Addictive substances causes changes in the brain over time. Addicts will place the drug above anything else.
When one becomes addicted, their brain is practically redesigned to depend on the drugs even with their effects. Situations or circumstances that relate to former substance abuse can provoke craving years later, even though the physical symptoms have stopped. Nevertheless, breaking the addiction is not beyond your reach. But patients should understand that treatment is a continuous process. Dependence therapy is growing each day and has quickly bettered over the past years. Seek immediate assistance if you or anyone you know is having problems with an addiction.
How Addictions Happen
Every action we take - voluntary or involuntary - is controlled by the complex human brain. Feelings, decision-making, behaviour, basic motor skills, heart and breathing rates are all controlled by the brain. The limbic system sets chemicals free once a user takes an addictive drug in order to make the person feel pleasure. This boosts the desire to continue using the substance. Thanks to specific modifications that the brain's rewards system has experienced, a person will, despite dangerous consequences, feel a severe, involuntary craving to use a drug. Fulfilling the addiction becomes the first priority.
There is a section in the brain charged with addiction. This section of the brain is known as the limbic system. This part of the brain is the "brain reward system" and causes feelings of pleasure.
The brain reward system is called to action when a drug is used. Dependency might occur if a person often triggers this system with a substance. The brain reward system is usually sparked off when we engage in practices that are great for us. It is an important factor in our survival and adaptation. Anytime this system is activated, the brain concludes that an activity requiring survival is taking place. That action is then rewarded by the brain by releasing enjoyable emotions.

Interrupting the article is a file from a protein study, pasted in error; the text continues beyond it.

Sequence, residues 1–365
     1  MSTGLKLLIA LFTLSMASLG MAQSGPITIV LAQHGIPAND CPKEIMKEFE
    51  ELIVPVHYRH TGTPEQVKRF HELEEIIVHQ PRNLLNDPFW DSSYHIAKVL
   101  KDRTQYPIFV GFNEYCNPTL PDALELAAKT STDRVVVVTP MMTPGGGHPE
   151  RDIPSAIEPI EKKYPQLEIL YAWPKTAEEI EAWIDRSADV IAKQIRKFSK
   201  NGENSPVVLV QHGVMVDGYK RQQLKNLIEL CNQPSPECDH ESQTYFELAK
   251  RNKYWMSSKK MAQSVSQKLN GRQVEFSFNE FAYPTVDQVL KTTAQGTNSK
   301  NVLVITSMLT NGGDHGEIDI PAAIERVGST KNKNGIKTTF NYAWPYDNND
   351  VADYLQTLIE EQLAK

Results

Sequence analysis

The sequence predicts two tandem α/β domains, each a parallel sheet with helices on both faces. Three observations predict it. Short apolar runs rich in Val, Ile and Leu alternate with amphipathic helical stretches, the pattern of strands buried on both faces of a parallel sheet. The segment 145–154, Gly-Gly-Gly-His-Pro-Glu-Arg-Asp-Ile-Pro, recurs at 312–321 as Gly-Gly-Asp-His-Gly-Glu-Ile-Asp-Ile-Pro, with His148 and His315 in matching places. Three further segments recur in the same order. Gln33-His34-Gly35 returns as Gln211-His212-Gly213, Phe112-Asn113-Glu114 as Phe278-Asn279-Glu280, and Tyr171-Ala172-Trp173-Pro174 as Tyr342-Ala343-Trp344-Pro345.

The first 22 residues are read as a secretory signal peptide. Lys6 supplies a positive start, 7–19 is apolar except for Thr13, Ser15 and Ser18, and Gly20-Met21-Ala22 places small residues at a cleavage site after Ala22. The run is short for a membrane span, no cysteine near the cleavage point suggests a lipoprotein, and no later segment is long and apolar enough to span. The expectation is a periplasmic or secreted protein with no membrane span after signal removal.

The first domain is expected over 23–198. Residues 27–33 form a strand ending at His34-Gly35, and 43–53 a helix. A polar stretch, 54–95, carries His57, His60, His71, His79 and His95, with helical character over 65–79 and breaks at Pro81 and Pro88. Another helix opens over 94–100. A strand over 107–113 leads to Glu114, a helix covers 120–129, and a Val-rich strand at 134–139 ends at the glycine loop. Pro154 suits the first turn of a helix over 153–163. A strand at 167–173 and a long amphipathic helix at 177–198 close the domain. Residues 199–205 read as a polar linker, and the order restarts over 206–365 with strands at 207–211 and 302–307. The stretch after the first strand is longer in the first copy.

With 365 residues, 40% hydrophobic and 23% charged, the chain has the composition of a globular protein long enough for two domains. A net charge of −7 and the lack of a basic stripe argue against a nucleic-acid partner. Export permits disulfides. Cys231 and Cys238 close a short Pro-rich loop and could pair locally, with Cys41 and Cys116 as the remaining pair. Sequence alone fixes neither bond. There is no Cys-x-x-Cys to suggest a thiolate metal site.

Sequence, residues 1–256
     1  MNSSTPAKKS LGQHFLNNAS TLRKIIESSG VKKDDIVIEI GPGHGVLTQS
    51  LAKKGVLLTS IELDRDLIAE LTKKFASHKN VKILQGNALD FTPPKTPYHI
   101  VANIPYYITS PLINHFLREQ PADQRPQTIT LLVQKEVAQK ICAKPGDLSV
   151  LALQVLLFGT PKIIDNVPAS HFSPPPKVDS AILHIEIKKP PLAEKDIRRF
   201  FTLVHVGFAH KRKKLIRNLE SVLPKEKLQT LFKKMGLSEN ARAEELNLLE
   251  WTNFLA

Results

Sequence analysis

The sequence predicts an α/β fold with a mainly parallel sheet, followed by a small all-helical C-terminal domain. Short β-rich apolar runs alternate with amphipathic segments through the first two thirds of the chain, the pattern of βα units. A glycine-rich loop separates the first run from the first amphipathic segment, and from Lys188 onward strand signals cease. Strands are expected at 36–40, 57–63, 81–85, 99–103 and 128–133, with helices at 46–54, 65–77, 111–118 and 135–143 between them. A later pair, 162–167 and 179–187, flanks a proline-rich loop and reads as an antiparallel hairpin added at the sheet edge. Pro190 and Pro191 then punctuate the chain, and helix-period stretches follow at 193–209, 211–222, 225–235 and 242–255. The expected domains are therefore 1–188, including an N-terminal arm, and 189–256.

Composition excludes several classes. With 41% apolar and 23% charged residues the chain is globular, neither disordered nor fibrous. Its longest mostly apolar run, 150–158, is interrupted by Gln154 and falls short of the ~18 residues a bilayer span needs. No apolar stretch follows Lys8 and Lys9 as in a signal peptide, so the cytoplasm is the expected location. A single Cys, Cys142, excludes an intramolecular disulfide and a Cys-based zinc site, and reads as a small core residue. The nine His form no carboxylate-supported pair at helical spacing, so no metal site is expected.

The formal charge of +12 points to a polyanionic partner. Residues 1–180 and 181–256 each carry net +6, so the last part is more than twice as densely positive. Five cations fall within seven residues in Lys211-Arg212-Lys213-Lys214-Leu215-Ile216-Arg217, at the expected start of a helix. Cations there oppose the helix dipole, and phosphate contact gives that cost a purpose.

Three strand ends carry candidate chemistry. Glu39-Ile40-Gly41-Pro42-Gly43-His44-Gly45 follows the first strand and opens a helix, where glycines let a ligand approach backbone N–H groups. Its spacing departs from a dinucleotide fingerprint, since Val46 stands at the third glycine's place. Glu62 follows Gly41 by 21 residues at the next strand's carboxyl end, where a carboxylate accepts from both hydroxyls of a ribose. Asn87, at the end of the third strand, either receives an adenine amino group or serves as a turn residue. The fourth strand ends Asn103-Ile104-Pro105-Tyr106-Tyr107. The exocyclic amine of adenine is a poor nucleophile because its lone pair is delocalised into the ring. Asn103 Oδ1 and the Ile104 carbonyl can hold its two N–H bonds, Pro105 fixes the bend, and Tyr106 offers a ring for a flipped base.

For example, when we get thirsty, we drink water, which stimulates the reward system so we continue to repeat this action. Addictive substances take over this system, bringing about emotions of pleasure, even for behaviour that is really risky. Addictive drugs, sadly, have more powerful effects on the brain reward system.
The Biochemistry Of Dependency
One of the greatest influencers of the reward system is dopamine. Dopamine is a natural element in the brain which releases signals to the reward system. When presented into the reward system, substances sometime ape dopamine or lead to an excessive production of it inside the brain.
Normal levels of dopamine are caused by normal actions (like food, music, sex, drinking, etc.) and don't reprogram the brain for addiction.
Regular activities produce dopamine that is 10% of what drugs produce.
Drugs utilize floods neuroreceptors with dopamine. The intoxicating effect of alcohol and drugs is caused by the combination. After prolonged substance ill-use, the human brain is not in a position to naturally create usual levels of dopamine. In reality, substances take the reward system hostage.
The effects are a deep desire to take the drug to normalize the dopamine amounts. Someone in such a situation cannot have feelings of pleasure without using the substance.
Neurofeedback And Addiction
Neurofeedback is gradually becoming one of the best cure for drug reliance. It is also known as Electroencephalogram (EEG) Biofeedback. To improve the performance of the brain, the brain is trained by using neurofeedback. A sensor is put on the scalp so that the therapist can track how the brain functions during the biofeedback. With this, the brain can improve its performance and make it better, the brain is then rewarded for doing that.
Underlying issues that may be leading to addiction are targeted by neurofeedback, like:
Neurofeedback records a successful trend as addiction treatment option, as it helps retrain the brain how to function without drugs. This is included in the program of some rehab centres. Contact us immediately on 0800 772 3971 to be linked with a treatment base that can support you well.